Frank Zuccarelli’s job carries a six-figure salary and an array of benefits, including health care, an annual expense account of nearly $25,000, a 2011 GMC Yukon Denali, a credit card and even a parking spot.
Such perks aren’t unheard of in the private sector, but Zuccarelli isn’t a corporate executive. He’s an elected official, the supervisor of Thornton Township since 1993 – meaning taxpayers are paying for his salary and other benefits.
At a time when numerous Chicago-area residents are out of work and struggling to stay afloat financially, Zuccarelli’s compensation may seem overly generous, another example of a system that too often benefits insiders.
After all, he earns two paychecks from taxpayers – aside from his full-time job at Thornton Township, he holds a part-time position with Cook County government – and stands to collect two public-sector pensions down the road. Several family members also have joined the township payroll under his watch, including a sister, an aunt and a cousin, Zuccarelli confirmed to the Better Government Association.
He is the highest-paid township supervisor in Cook County. But Zuccarelli, 60, says he earns his paycheck.
|Supervisor Zuccarelli was honored with |
a street-naming in January 2011.
Not only is Thornton the county’s largest township, covering part or all of 17 south suburbs such as Dolton, Calumet City and South Holland. It provides key social services, including food assistance and job training, to an area ravaged by the recession, he says.
“I do a good job and I’m busy all the time,” he says. “The people who live in this township are getting a good bang for their buck.”
If he stays on the job, Zuccarelli stands to make even more money.
He currently is paid a salary of $100,800, and his total compensation – excluding health care – will top $140,000 in 2011, according to interviews, and township records obtained under the Illinois Freedom of Information Act (FOIA).
His supervisor salary will jump to $128,520, if he’s reelected to a sixth term in 2013, thanks to a resolution quietly passed earlier this year by the township board. He ran unopposed in 2009, and says he plans to run again in 2013.
The township pays for the monthly lease on Zuccarelli’s Denali, as well as his cell phone bill, business-related travel and $24,600 in other expenses that don’t have to be documented.
In addition, he has use of a township credit card that, since Jan. 1, 2010, has charged, among other things, a $1,399 dinner at Springfield’s Chesapeake Seafood House, $1,000 in White Sox tickets, a $988 dinner at Balagio Restaurant in Homewood, a $146 meal at an East Peoria pancake house and a $24 car wash, according to township records obtained under FOIA.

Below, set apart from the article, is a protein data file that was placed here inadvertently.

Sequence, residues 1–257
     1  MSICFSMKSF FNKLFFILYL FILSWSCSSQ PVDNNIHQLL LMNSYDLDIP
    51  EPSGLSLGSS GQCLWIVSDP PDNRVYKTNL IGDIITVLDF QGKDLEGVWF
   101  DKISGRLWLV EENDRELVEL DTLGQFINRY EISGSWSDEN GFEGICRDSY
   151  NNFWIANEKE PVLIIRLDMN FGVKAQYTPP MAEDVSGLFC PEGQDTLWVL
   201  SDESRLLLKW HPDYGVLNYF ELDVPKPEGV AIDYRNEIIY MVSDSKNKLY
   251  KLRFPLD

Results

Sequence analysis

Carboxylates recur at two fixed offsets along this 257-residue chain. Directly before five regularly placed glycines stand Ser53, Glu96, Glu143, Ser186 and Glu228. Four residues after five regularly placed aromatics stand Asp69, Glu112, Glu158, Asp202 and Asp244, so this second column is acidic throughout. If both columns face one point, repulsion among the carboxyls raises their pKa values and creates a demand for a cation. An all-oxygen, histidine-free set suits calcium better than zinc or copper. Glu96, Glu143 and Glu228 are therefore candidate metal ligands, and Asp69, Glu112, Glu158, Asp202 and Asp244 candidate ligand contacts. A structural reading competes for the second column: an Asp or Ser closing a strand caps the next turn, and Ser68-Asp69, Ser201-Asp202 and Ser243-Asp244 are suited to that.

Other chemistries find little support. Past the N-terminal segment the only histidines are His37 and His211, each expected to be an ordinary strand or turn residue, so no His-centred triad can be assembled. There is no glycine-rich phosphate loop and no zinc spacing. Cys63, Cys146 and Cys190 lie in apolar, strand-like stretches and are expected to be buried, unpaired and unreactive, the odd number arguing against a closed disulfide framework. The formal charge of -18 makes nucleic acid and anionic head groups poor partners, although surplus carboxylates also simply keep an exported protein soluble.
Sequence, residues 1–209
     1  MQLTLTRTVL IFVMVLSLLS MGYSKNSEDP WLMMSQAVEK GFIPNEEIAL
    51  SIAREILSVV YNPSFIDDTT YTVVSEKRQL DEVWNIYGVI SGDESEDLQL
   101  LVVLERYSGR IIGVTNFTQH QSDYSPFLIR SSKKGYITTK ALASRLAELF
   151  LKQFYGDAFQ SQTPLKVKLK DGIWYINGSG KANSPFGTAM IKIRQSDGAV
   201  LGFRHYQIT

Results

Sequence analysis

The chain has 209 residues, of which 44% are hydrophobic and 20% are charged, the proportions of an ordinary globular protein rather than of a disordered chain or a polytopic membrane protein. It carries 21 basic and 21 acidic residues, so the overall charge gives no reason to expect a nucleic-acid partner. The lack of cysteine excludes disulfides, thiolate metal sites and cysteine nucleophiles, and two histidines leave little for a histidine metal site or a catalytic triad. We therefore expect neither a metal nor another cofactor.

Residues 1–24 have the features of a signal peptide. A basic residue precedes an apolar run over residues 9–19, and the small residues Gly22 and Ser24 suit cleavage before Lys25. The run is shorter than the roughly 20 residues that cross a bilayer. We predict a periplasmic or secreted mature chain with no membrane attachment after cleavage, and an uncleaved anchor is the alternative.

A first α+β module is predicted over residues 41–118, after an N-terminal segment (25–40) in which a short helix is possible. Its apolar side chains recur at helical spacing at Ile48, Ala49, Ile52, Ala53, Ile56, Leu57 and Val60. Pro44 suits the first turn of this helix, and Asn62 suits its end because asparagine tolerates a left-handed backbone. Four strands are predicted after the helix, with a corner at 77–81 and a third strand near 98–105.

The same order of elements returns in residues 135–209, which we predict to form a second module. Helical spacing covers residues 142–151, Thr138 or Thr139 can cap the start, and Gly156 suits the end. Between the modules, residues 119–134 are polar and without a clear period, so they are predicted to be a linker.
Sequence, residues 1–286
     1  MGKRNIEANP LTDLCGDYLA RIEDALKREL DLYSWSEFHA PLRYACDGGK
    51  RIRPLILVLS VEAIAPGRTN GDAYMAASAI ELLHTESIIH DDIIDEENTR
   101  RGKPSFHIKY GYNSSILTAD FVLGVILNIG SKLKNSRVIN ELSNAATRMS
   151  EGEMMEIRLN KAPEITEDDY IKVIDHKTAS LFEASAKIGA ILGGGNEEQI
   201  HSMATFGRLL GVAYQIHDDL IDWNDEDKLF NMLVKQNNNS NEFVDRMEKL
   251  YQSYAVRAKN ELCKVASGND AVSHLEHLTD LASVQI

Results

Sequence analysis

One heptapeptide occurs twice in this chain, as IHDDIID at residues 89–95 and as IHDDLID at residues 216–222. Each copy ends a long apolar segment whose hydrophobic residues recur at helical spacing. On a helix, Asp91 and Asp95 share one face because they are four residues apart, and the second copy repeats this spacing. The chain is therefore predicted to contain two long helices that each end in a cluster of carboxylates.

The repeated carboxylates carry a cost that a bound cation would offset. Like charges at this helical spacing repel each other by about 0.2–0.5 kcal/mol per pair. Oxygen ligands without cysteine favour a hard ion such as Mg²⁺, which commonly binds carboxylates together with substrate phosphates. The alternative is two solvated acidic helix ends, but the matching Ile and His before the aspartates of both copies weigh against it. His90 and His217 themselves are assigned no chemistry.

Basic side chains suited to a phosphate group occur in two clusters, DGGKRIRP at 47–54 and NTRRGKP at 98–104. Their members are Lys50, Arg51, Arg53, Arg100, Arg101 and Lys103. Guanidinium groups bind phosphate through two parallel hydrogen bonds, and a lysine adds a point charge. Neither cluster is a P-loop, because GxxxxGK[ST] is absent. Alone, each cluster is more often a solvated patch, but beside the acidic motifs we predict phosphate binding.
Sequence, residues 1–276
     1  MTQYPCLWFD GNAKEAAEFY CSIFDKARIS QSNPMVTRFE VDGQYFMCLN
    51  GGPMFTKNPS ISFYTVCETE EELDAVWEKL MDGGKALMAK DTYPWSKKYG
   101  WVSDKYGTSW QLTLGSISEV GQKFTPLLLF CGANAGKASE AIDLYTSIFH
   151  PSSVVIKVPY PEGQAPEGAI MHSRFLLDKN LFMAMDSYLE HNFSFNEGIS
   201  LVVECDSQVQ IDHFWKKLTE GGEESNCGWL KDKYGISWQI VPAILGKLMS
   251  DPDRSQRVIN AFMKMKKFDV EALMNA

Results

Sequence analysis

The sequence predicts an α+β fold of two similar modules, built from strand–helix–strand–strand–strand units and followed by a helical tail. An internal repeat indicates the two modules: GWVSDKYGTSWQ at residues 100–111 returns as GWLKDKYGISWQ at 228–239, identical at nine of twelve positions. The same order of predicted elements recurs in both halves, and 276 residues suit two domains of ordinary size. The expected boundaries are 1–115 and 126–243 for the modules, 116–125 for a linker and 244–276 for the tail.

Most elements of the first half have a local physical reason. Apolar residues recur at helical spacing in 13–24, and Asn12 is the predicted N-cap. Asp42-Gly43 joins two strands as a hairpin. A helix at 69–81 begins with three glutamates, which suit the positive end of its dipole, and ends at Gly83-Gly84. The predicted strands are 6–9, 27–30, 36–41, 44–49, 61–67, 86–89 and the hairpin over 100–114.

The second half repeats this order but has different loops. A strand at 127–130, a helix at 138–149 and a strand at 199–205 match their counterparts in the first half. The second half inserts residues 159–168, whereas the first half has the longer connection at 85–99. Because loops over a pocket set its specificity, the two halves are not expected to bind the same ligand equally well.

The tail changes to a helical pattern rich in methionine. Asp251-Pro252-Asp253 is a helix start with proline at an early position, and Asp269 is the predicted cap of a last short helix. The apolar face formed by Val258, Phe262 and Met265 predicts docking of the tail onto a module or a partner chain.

Zuccarelli says he will expense a meal if it’s for township business, as was the case at Chesapeake in November 2010. On that occasion he said he picked up the tab for some state lawmakers whose districts include Thornton. On another occasion, he spent $382 at the restaurant.
The baseball tickets were given to youth committee members, as part of an outreach program, he says. He couldn’t recall the reason he expensed the Balagio meal, and shrugged when asked about the car wash and another curious expenditure: $950 for OnStar, a vehicle security system.
Meanwhile, Zuccarelli is paid $38,530 a year to sit on the Cook County Employee Appeals Board, an obscure panel that handles appeals from non-union county employees who are facing demotion, discharge or suspension. He was appointed to the board by then-Cook County Board President Todd Stroger.
If Zuccarelli continues at the county post until his term expires in 2016, he will be vested in the Cook County Pension Fund.
He already is vested in the township’s pension program, through the Illinois Municipal Retirement Fund.
It’s unclear whether Zuccarelli’s relatives on the township payroll will also receive IMRF pensions.
His sister Candace Paun is a deputy clerk in the township assessor’s office earning $44,972, while his aunt Mary Goley makes $19,547 and his cousin Paula Laven is paid $38,646 for work in the township’s senior services division.
Zuccarelli holds two other non-paying government and political positions: Democratic committeeman in Thornton Township, and chairman of the South Suburban College board. From 2004 to 2009, he worked in the Cook County recorder of deed’s office.
In recent years, the BGA and other good-government advocates have raised questions about the need for township governments, in part because of their free-spending ways, in part because services they provide often are duplicated by other public agencies.
This story was written and reported by BGA investigator Andrew Schroedter. He can be reached at firstname.lastname@example.org or (312) 821-9035.
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